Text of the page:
On the Anniversary of Clara Zetkin

At the Second Women's Conference in Copenhagen in 1910, Clara Zetkin did not limit herself to proposing the annual observance of International Women's Day — which takes place since then every March 8—, but called for linking the fight for equal rights, to the struggle for peace and against war.

Who was she? A German fighter, teacher and writer who dedicated her life to defending women's rights; faithful supporter of the working class, with exceptional abilities as a leader and founder of the world labor movement.

Neither the difficulties of the fight, prison or exile, nor the increasing passage of time, impeded Clara Zetkin in building her work in defense of the world proletariat.

On August 30, 1932, the Reichstag (German Parliament) opened its sessions. The opening speech was the responsibility of the oldest deputy. As this was a communist, the fascists tried, unsuccessfully, to prevent her from using her remarks.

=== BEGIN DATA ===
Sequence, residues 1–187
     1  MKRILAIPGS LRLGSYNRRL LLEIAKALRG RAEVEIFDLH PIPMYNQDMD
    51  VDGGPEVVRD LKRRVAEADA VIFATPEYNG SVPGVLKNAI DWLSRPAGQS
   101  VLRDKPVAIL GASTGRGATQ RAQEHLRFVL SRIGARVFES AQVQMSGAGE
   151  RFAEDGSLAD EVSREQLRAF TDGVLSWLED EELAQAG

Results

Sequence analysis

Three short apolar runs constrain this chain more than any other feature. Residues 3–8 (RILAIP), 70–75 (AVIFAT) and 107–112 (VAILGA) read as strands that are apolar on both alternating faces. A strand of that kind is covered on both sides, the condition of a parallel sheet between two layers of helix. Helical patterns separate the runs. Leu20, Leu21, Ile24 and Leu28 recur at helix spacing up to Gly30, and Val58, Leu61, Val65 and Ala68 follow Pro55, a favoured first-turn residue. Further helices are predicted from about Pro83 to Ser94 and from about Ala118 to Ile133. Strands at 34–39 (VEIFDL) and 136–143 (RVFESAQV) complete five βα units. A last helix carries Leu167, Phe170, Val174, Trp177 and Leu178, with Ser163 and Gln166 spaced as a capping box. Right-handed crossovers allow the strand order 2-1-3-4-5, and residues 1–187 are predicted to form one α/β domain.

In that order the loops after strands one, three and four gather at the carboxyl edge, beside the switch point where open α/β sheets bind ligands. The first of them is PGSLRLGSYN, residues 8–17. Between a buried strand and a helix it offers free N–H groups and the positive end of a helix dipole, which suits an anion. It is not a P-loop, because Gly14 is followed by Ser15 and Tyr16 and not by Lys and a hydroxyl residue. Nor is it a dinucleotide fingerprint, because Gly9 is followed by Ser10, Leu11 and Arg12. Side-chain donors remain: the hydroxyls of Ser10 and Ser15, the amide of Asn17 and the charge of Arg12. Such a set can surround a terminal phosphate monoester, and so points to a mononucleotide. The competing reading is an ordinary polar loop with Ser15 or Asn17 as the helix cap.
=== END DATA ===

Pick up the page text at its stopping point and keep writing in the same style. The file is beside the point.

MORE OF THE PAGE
Then there was a long and imposing silence. Clara Zetkin, 75 years old and aljost blind, went up to the parliamentary bench. She knew that it would be her last speech.

With a calm voice and accusing words, she again raised her strong voice that day, giving honor to her own life. The speech was a warning shout to the people, an exhortation for peace, a condemnation of fascism in its own den.

On June 20, 1933, in joscow, her heart stopped beating at 76 years of age. Today we remember Clara Zetkin, a woman who lived with a gaze into the future.

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